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Agri-Toxics Lobby Stop Pesticides Expert from Speaking in Minnesota

State cancels speech about frogs
Tom Meersman
Minneapolis Star Tribune
October 20, 2004

A scientist from the University of California, Berkeley, was to be keynote
speaker at an upcoming conference sponsored by the Minnesota Pollution
Control Agency. Then state officials learned the topic of his speech: his
latest research linking the herbicide atrazine to frog abnormalities.

Now, Prof. Tyrone Hayes has been uninvited -- by order of the agency's

Hayes, an endocrinologist who studies how chemicals affect amphibians, won't
address the annual environmental conference in February even though his
research is of particular interest in the state where schoolchildren
discovered frogs with extra legs and other deformities nine years ago.

Hayes said his removal from the program is an act of censorship by a state
agency bowing to agricultural interests and pesticide companies that don't
like his findings. "Initially, before the MPCA uninvited me, they asked if I
would remove the words 'atrazine' and 'pesticide' from the title of my talk,
and of course I refused to do that because that's what I work on," said

"My response was either you want me to talk or you don't," he said.

MPCA Commissioner Sheryl Corrigan said nobody is trying to keep Hayes'
message "out of the press or out of the mainstream." She said she wanted a
different speaker because Hayes presented some of his findings earlier this
year in Minnesota, and his research has received wide attention.

"When I looked at the stuff that he's talked about in the past, and his
research to date, I just didn't think it was keynote material," Corrigan

E-mails between Hayes and an MPCA staffer, obtained by the Star Tribune,
tell a different story.

Hayes' contact was Jennifer Anthony-Powell, the agency's meeting planner and
coordinator for the three-day Minnesota air, water and waste conference. The
event, to be held in Bloomington, typically draws 1,100 people from industry
and government.

After being asked to give the keynote address, Hayes corresponded with
Anthony-Powell during August about the details of the conference. However,
on Sept. 27 Anthony-Powell sent Hayes an e-mail expressing the need to
"reassure management" about the keynote speech. "Politically speaking -- it
sounds like it is the atrazine that is causing some concern from other
agencies," she wrote.

She asked whether Hayes could make his title more general, because "I'm
thinking that might alleviate some of the political power plays going on."
She concluded, "I'm trying to stay ahead of the game so it doesn't get out
of hand."

Hayes asked by e-mail for more information about the concerns of MPCA

Anthony-Powell responded on Sept. 28: "Atrazine, atrazine, atrazine. This
isn't a Dept. of Ag. conference and they are thinking there is a possibility
that they are going to be attacked and not present to defend themselves."
Anthony-Powell said there was concern that Hayes' talk might become

In an interview Tuesday, Anthony-Powell said that Wayne Anderson, an
official in the MPCA commissioner's office, had approached her and raised
these concerns. Anderson, who is the agency's liaison with the Minnesota
Agriculture Department, could not be reached for comment.

Hayes immediately responded to the Sept. 28 e-mail. He said that his data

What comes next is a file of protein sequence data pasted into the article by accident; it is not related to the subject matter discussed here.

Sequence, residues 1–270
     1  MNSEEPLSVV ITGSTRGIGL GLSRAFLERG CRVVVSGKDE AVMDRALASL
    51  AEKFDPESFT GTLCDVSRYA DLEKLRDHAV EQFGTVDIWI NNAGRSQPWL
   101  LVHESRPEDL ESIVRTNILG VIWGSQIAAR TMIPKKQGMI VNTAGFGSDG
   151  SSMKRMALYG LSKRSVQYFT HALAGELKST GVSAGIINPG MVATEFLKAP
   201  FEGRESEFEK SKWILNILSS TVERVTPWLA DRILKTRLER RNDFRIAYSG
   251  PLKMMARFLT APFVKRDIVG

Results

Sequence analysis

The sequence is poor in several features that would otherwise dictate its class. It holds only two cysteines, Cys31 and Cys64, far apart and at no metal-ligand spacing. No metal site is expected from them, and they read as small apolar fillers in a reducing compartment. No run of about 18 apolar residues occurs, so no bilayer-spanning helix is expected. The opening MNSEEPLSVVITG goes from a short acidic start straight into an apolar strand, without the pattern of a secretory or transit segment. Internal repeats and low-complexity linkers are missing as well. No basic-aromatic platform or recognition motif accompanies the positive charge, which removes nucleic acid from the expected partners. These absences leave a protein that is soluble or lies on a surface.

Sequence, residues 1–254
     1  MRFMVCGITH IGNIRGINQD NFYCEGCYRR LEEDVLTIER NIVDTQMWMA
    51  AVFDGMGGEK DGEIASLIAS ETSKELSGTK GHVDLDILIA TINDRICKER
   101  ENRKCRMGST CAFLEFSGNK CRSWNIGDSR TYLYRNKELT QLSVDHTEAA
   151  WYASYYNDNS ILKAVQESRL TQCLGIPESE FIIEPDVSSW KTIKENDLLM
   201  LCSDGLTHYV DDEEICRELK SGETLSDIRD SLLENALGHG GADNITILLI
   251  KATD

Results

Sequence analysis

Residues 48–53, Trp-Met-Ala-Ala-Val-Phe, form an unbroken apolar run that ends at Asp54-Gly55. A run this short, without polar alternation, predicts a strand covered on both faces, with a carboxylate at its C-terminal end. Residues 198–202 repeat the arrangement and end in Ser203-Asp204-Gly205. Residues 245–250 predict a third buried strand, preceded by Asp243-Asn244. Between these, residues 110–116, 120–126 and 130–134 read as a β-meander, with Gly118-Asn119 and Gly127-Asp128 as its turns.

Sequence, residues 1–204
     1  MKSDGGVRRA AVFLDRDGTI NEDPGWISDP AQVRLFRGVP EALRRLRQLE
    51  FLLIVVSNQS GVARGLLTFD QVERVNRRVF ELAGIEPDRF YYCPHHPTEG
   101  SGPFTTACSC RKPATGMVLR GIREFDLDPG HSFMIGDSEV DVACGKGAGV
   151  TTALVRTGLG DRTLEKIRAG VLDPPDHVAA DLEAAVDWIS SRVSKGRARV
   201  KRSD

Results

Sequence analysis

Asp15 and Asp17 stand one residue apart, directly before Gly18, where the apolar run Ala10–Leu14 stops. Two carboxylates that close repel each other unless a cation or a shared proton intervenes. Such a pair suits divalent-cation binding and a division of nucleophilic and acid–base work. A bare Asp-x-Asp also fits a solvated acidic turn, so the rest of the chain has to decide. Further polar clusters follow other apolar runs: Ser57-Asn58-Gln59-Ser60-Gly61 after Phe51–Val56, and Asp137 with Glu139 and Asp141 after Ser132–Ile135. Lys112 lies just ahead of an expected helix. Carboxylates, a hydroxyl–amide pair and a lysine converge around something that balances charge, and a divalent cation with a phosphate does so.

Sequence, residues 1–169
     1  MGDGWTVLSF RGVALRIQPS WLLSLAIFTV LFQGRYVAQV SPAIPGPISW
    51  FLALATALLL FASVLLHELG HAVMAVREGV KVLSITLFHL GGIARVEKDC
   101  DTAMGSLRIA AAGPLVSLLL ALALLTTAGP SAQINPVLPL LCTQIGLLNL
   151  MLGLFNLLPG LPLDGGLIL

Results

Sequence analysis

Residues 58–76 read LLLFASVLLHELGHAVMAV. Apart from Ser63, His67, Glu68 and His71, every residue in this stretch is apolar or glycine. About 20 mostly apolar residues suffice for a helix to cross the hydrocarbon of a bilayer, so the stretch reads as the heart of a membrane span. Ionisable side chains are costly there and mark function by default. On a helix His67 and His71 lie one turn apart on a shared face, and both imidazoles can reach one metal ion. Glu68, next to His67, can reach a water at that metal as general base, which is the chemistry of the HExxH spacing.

had been published by top scientific journals. He acknowledged that he has
been critical of government approaches to pesticide regulations, and he
offered to share the keynote speech with government and industry

Hayes, a professor in Berkeley's Department of Integrative Biology, said
that some of his latest research suggests new ways that pesticides,
including atrazine, may cause development problems in amphibians. "I will of
course talk about this because it is important ... and it seems the
government does not want people to know," he said in the e-mail.

On Sept. 29 MPCA officials called Hayes and withdrew the invitation to

Corrigan said that she did not consult with state agriculture officials
about Hayes' planned speech.

"My decision was not about agriculture," she said in a statement. "It was
not about Professor Hayes personally. It was all about having the right
keynote set the stage for this important conference."

Scientific understanding about atrazine's potential effects on frogs is a
work in progress. U.S. Environmental Protection Agency officials reviewed 17
studies on the topic in 2003, including two by Hayes and 12 funded by the
pesticide industry. They found insufficient data "to indicate that atrazine
will or will not cause adverse developmental effects in amphibians."

Corrigan added that Hayes is welcome to attend future conferences if he has
new data, but "from what I have been able to discern, his research today is
the same as it was in February 2004" when he gave a presentation on a panel
at the last MPCA conference. However, Corrigan said that she had not talked
with Hayes to ask him directly about his latest research.

Hayes said he intended to speak at the conference about some of the research
in four new papers that will be published soon in scientific journals. This
summer he did field work along areas of the Upper Mississippi River,
including in Wisconsin. He has also been studying the North Platte and
Missouri rivers, with a focus on examining the health of amphibians and
correlating it with pesticide levels in the water.

Hayes will discuss some of that work at a special legislative hearing before
the state Senate's Environment and Natural Resources committee on Monday.
His trip is being sponsored by the Minnesota Center for Environmental
Advocacy, a group that has been critical of pesticide use and regulation in
the state.

Meanwhile, the new keynote speaker for the MPCA conference hasn't been named.
Will Fantle